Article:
Nazila Akhavan Kharazian at Queens University reviewed the VSIR model of vaccine failure and attempted to use linearization methods in ecology to characterize when and which models can display honeymoon periods. This study uses Project Tycho pertussis data to show an example of a "honeymoon period" after the initiation of a mass vaccination program. The results of this study indicate that honeymoon periods need to be studied using non-linear techniques.
Nazila Akhavan Kharazian
Related Project Tycho Datasets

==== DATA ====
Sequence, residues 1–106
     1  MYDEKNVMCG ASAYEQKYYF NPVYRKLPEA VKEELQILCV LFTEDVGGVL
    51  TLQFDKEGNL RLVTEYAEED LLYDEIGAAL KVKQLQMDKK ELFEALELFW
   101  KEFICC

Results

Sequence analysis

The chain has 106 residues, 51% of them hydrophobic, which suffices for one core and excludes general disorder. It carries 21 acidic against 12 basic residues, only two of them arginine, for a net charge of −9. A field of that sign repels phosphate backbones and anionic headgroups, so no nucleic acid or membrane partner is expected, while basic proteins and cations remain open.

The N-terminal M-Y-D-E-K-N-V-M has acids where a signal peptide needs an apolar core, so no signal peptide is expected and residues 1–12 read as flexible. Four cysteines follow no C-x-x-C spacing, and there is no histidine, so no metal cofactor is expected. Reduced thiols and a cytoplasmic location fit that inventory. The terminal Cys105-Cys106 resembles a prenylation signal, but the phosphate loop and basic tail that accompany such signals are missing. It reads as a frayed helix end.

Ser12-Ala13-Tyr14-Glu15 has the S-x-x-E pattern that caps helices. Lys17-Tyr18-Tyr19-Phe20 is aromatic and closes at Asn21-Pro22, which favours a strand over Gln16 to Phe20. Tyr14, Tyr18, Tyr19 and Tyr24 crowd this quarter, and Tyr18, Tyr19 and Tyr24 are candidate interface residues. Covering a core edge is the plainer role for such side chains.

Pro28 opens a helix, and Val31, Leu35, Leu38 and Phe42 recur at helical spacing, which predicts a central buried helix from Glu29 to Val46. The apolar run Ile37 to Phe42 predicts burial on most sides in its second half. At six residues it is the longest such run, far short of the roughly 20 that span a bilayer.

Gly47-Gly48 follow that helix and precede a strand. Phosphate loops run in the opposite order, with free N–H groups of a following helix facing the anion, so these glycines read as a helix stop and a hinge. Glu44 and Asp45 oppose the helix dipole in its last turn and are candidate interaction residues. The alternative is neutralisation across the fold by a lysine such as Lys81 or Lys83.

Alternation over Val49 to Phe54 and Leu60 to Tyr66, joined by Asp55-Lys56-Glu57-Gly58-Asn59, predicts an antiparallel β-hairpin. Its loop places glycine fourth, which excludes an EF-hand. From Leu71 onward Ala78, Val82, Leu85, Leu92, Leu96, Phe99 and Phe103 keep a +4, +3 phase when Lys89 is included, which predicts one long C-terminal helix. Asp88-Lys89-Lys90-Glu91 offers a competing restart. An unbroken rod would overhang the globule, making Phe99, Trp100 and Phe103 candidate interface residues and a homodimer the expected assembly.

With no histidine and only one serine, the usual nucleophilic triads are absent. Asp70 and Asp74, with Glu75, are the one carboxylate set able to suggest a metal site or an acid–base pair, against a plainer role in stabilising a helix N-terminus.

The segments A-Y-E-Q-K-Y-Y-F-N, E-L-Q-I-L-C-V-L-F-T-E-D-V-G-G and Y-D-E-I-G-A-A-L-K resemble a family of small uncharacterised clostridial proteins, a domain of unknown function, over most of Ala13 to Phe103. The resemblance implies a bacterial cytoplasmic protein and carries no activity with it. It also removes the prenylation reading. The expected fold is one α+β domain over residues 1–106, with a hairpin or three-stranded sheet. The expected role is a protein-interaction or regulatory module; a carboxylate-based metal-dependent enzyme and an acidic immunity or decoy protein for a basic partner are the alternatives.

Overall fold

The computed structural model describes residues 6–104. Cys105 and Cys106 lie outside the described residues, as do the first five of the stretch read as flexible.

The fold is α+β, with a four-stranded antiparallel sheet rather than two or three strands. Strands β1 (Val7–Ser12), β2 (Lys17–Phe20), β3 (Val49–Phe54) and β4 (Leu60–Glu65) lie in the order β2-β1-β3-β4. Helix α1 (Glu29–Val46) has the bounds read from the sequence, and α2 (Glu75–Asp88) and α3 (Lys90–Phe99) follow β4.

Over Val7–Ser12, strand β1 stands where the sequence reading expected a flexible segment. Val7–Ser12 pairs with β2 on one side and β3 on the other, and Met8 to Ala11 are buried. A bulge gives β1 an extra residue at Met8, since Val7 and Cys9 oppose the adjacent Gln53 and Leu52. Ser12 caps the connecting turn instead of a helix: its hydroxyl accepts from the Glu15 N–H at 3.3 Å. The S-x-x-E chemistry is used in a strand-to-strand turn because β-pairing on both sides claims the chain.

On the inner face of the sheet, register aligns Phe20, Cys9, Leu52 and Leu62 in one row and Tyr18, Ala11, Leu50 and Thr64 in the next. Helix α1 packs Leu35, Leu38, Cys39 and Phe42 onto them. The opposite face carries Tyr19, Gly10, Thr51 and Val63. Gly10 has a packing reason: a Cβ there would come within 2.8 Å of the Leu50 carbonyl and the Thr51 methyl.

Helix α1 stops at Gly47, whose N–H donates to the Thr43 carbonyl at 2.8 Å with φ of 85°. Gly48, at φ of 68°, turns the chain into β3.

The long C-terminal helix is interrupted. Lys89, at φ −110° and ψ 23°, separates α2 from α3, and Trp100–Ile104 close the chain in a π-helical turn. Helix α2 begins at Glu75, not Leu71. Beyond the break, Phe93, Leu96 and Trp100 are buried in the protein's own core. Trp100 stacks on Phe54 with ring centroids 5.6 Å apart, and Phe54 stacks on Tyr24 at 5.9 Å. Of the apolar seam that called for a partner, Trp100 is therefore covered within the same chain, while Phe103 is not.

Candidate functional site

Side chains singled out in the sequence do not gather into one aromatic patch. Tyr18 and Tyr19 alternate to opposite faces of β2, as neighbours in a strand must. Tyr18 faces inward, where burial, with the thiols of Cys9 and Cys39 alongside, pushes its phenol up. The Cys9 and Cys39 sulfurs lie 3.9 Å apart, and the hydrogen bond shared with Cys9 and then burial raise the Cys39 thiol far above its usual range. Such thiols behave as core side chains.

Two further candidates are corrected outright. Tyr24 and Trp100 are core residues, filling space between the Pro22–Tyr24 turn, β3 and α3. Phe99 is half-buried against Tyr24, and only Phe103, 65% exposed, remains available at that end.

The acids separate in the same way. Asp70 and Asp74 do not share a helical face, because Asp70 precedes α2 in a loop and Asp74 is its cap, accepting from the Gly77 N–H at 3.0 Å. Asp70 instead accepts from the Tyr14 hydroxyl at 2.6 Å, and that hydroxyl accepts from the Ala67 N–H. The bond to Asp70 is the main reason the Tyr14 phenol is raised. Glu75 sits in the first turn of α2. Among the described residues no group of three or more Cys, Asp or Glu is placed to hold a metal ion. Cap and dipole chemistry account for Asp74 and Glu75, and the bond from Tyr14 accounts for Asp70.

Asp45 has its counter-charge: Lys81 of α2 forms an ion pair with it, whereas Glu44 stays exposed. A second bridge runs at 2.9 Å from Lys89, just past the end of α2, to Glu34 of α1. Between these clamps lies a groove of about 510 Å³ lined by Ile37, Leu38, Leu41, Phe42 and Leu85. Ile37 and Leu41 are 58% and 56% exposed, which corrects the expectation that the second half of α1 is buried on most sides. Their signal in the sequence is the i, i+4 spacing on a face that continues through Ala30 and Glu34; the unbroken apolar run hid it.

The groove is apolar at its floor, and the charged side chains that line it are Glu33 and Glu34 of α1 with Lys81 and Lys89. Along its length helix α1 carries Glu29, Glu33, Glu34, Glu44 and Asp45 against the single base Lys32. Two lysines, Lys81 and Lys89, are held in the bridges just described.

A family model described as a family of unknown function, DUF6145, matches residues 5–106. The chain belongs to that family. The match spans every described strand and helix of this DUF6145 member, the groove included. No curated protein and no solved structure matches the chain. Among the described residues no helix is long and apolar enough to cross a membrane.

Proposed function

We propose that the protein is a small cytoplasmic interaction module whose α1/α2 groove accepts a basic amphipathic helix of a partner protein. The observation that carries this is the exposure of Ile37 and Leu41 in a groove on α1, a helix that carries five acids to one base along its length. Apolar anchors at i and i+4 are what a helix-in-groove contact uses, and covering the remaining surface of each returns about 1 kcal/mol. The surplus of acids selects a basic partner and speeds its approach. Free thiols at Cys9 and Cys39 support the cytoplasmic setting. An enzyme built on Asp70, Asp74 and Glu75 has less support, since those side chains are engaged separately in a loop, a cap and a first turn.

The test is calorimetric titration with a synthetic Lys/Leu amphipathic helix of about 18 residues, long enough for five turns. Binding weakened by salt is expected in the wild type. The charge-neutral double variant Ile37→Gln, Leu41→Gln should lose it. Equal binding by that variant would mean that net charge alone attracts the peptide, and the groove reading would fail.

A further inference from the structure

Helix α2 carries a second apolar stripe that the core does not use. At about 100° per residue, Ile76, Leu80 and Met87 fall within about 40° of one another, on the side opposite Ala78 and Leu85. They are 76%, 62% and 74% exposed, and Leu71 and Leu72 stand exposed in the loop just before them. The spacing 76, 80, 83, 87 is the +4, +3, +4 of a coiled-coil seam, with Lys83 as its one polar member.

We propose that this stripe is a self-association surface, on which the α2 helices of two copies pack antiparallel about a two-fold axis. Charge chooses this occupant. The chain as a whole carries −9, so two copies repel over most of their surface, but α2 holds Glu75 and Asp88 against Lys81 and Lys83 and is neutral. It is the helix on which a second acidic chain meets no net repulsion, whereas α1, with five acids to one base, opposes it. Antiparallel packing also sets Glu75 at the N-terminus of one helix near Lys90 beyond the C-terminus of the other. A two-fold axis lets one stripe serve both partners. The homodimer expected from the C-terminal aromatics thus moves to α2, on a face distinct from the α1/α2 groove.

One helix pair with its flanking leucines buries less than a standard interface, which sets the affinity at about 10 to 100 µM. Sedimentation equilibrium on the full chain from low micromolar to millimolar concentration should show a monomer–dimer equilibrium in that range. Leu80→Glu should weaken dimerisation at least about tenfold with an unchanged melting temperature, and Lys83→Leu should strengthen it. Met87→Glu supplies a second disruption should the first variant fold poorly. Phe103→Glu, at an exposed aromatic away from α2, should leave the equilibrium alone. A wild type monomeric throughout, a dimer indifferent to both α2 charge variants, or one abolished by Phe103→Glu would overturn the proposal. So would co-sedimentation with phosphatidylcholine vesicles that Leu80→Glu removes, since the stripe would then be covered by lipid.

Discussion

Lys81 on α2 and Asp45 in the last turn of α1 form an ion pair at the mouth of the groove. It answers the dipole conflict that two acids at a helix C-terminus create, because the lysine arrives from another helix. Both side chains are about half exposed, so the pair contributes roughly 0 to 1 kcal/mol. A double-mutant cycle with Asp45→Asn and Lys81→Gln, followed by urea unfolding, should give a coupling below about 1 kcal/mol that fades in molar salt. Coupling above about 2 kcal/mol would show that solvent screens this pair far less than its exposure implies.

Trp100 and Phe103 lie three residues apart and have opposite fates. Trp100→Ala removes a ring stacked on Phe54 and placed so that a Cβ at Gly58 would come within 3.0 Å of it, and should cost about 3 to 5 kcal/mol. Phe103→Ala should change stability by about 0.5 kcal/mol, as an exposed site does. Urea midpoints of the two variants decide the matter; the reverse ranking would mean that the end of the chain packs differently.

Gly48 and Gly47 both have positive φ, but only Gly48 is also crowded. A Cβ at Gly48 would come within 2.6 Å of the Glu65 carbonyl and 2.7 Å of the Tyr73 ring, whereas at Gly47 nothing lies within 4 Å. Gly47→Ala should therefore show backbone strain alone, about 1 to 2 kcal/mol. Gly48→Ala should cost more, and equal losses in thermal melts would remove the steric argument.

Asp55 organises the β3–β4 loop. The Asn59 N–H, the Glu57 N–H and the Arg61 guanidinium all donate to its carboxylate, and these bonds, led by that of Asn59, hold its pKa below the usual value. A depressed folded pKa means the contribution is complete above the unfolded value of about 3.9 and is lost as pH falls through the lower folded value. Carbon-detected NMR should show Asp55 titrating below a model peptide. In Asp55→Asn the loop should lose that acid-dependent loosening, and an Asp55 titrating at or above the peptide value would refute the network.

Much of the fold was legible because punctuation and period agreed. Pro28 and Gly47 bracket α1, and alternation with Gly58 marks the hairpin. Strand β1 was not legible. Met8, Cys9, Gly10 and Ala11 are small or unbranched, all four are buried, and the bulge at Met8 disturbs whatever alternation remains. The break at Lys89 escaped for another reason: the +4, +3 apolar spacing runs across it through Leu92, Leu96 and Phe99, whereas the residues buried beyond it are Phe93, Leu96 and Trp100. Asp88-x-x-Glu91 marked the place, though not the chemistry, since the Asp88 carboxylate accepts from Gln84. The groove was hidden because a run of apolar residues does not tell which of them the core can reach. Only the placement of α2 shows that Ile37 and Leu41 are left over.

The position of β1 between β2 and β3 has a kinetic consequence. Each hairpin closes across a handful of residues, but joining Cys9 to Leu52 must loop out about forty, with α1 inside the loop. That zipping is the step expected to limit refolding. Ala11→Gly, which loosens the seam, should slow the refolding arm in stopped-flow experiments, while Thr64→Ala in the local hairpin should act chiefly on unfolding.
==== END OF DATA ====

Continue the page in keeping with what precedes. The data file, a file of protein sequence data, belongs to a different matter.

Vaccination is a common method for protecting newborns from some childhood diseases like measles, mumps, and rubella. This control measure has proven to be very successful as evidenced by large decreases in the incidence of these diseases after the start of mass vaccination programs. However, the control of some diseases, such as pertussis, has recently become more difficult in some countries with high vaccination coverage. Mathematical models can be used to help understand the ramifications of different types of imperfect vaccines on post-vaccination disease dynamics and to harness this understanding to develop more efficient vaccination strategies. In this project, we review the VSIR compartmental model analyzed in (Magpantay et al., 2014) where people can be classified into one of four states: vaccinated (V), susceptible (S), infected (I), and recovered (R). This model allows for a vaccine that can exhibit different types of vaccine failures: in degree (leakiness), in take (all-or-nothing) and in duration (waning of vaccine-derived immunity). We also review existing methods in ecology for characterizing transient dynamics of disease systems such as the honeymoon period after start of mass vaccination programs.
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